“My children have also gone back to their habit of organizing and preparing for school the night before, so this will make it easy for them to grab all that they need for school the next day,” she added.

• Manage expectations. Things take time to change

Since we are still going through some big changes brought by COVID-19, it is expected that we still need more time to go back to what we were once accustomed to, including in-person learning.

Psychiatrists advise not to expect our children to come home with the outstanding grades they used to earn. There will be challenges with the way our children interact with their peers and their teachers because every now and then, they will have to go back to isolation, especially when there is an outbreak in their schools. Set and maintain realistic expectations for your children and anticipate that it will take time for everyone to get to normal routines.

• Stay connected with friends

Children, especially the younger ones, are always the most excited to welcome a new school year. But because their interaction with friends and peers were limited due to COVID-19, we still continue to help them improve their social skills. Nemours’ KidsHealth recommends that helping children practice by setting up play dates or playing games as a family helps ease their anxiety. As an add-on motivator. praise their good behavior such as showing kindness, sharing, or being a good sport

• Classroom rules

While children have already adjusted to being inside a classroom setting again, the younger ones are still trying to cope with new classroom rules and setup. Educational experts recommend that, for those in this age group, parents could help their children by reminding them that the rules are there to keep everyone safe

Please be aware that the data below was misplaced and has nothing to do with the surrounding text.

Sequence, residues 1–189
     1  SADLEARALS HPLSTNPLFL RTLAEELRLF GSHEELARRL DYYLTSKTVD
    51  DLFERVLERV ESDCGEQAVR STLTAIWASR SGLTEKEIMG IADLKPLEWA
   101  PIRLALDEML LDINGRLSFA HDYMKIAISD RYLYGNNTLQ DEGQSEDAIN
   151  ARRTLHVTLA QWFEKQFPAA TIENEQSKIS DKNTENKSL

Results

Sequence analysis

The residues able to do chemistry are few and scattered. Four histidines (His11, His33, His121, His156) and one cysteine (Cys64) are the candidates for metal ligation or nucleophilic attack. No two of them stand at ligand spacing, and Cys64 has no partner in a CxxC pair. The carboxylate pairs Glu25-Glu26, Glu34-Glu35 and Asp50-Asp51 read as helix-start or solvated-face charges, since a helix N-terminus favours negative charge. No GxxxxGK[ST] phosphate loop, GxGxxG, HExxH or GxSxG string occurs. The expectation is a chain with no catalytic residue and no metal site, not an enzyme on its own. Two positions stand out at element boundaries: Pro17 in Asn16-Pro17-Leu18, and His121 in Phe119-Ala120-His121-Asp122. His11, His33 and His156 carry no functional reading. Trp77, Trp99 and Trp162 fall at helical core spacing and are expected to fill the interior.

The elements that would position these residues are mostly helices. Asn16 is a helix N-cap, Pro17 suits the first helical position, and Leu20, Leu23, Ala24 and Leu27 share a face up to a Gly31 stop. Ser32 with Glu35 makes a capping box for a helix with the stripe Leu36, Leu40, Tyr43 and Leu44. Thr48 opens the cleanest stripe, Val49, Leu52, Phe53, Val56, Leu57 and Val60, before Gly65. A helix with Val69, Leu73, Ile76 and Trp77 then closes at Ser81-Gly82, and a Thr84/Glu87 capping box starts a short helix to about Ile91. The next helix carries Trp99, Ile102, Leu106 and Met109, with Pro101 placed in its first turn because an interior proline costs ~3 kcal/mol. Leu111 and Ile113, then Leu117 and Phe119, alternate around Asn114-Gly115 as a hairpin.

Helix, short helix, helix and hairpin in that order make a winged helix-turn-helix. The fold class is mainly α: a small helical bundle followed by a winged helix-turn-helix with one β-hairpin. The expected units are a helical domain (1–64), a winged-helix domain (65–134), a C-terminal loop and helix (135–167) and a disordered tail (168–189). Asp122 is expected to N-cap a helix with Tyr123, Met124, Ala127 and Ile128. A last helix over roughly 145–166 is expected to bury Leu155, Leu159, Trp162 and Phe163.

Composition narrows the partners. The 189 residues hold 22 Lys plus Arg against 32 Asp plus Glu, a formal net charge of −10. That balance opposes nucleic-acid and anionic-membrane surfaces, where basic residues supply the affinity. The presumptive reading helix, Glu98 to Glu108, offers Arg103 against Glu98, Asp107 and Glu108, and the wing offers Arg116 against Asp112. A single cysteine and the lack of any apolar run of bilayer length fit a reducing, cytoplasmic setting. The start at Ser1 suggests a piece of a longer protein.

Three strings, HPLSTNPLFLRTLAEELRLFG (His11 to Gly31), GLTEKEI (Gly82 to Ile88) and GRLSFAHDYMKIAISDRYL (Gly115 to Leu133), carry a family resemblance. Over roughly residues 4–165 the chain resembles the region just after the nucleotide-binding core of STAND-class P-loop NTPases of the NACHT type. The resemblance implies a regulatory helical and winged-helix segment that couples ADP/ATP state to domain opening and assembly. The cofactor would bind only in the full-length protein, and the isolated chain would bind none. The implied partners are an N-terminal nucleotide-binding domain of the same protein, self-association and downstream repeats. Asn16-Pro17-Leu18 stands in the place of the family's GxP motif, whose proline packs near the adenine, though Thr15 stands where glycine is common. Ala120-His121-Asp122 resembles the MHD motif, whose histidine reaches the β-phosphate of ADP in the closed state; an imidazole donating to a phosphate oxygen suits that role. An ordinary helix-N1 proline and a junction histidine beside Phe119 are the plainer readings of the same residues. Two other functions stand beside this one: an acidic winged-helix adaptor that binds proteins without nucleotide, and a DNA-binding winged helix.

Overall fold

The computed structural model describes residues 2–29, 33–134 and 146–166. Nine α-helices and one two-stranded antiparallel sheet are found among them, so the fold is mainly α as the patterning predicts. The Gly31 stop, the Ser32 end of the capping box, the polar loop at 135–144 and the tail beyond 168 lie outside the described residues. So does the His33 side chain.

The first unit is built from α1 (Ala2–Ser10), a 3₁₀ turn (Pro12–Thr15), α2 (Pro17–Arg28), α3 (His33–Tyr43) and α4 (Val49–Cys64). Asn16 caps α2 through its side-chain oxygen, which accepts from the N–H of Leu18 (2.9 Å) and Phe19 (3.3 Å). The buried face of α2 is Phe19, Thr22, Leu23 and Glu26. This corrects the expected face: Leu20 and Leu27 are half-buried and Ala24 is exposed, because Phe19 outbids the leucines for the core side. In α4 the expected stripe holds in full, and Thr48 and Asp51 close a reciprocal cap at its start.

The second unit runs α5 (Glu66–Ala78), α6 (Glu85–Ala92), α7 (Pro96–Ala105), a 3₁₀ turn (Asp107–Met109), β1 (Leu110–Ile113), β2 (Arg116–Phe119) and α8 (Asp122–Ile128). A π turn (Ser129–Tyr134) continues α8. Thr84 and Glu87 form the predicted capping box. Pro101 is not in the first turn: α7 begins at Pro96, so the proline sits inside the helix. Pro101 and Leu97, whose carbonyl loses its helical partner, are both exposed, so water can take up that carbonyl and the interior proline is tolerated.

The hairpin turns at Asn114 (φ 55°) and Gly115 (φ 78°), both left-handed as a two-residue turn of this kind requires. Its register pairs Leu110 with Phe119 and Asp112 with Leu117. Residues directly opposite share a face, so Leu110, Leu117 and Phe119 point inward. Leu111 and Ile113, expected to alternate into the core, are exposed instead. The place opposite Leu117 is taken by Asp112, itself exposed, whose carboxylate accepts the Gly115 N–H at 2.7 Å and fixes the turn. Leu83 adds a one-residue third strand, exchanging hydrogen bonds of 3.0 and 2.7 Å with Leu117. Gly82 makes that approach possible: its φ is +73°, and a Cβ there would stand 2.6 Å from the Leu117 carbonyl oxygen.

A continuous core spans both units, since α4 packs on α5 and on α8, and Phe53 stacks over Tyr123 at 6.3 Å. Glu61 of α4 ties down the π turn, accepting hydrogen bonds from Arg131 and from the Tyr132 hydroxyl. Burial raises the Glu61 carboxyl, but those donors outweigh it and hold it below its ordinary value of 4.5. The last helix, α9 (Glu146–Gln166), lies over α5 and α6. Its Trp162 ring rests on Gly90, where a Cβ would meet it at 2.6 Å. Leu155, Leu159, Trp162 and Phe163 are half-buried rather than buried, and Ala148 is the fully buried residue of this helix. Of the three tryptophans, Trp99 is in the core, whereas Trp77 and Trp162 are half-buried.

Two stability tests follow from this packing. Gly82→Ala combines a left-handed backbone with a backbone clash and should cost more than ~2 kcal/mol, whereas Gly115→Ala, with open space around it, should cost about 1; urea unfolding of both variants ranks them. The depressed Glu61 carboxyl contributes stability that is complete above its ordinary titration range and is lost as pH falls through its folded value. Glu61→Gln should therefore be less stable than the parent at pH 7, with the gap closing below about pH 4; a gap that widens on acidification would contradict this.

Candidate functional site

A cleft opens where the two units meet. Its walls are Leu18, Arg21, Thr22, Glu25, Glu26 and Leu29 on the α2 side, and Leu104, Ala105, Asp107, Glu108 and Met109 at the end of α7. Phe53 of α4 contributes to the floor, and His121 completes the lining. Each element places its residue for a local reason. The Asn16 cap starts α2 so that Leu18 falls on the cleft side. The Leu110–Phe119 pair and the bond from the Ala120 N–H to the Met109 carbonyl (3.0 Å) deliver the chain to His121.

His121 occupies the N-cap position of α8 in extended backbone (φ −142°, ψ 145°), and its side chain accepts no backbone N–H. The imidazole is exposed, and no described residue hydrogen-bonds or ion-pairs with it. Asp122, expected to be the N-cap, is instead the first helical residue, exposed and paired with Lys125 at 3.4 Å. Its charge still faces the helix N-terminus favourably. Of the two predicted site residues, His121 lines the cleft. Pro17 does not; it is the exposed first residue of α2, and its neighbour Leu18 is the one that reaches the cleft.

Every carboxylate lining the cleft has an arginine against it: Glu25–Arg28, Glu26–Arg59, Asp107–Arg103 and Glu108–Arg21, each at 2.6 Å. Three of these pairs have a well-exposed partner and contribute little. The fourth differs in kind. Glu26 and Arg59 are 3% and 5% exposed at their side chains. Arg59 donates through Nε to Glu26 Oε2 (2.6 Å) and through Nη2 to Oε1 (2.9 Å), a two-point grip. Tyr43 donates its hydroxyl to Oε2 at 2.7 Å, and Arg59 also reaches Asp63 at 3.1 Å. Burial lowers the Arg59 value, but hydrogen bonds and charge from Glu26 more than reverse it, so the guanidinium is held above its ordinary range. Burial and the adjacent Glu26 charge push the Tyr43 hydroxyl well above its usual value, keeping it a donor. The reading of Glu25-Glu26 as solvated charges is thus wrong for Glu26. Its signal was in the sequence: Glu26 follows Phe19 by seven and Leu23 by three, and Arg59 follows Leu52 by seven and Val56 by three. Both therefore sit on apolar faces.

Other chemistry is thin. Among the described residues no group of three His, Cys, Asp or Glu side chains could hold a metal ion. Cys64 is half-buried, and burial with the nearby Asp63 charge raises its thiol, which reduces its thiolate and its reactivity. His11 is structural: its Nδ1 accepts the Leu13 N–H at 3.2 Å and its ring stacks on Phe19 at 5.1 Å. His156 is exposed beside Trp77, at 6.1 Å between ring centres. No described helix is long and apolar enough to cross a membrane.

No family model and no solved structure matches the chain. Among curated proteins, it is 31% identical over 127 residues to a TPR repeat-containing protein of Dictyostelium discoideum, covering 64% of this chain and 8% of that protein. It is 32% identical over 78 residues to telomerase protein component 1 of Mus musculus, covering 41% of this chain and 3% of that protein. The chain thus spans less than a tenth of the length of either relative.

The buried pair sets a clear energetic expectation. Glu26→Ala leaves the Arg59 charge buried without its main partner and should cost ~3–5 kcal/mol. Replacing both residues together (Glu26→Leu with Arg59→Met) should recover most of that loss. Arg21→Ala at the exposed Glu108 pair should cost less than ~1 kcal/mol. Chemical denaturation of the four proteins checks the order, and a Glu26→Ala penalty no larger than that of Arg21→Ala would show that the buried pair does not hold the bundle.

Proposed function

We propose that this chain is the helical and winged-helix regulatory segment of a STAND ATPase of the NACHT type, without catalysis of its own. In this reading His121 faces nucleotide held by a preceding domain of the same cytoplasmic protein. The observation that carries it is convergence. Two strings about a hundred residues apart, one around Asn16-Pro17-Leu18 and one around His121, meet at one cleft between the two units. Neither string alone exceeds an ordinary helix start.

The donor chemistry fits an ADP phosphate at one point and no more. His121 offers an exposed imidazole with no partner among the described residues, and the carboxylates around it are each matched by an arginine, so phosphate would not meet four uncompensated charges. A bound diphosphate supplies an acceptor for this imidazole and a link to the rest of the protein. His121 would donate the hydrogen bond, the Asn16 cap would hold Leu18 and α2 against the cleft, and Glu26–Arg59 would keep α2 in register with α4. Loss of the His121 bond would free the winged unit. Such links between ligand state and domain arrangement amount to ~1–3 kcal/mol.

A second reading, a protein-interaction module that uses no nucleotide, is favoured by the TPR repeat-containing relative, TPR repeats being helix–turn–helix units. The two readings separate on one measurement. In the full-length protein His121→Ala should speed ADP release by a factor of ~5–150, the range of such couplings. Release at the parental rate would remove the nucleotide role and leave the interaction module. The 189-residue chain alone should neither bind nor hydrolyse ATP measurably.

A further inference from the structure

• Keeping up with schoolwork

By now, many students have already adjusted well to remote learning. However, studies show that children with learning issues, those with attention deficit hyperactivity disorders or ADHD, and some who have little or no access to technology have struggled to cope.

Guintu said that, as parents of student achievers, the best thing she did was to lift the pressure on her children who were worrying about coping with a new workload and getting grades that were lower than expected. “It also helped that teachers were there to help my children catch up with schoolwork if they felt they were lagging behind.”

• Stay flexible and adaptable

As a family, Guintu said they had to learn to adapt and anticipate changes to workload and schedules at a short notice to ensure that the children’s studies were not disrupted.

“As parents, we have learned that the best way to support our children is to stay mentally flexible. We worked with teachers to stay on top of school schedules and we made sure that we can go to them at any time to talk about our children’s progress in case they would need extra help with schoolwork.”

• Be present and consistent

Children need stability during times of changes. Dr. Chaudhary said the best help parents can give is to be present, predictable, and consistent.

“Giving time and emotional support and understanding their daily challenges is what we tried to always give our children. It’s compassion, warmth, and calm that made them overcome the setbacks,” Guintu said.

TERI M. FLORES, Correspondent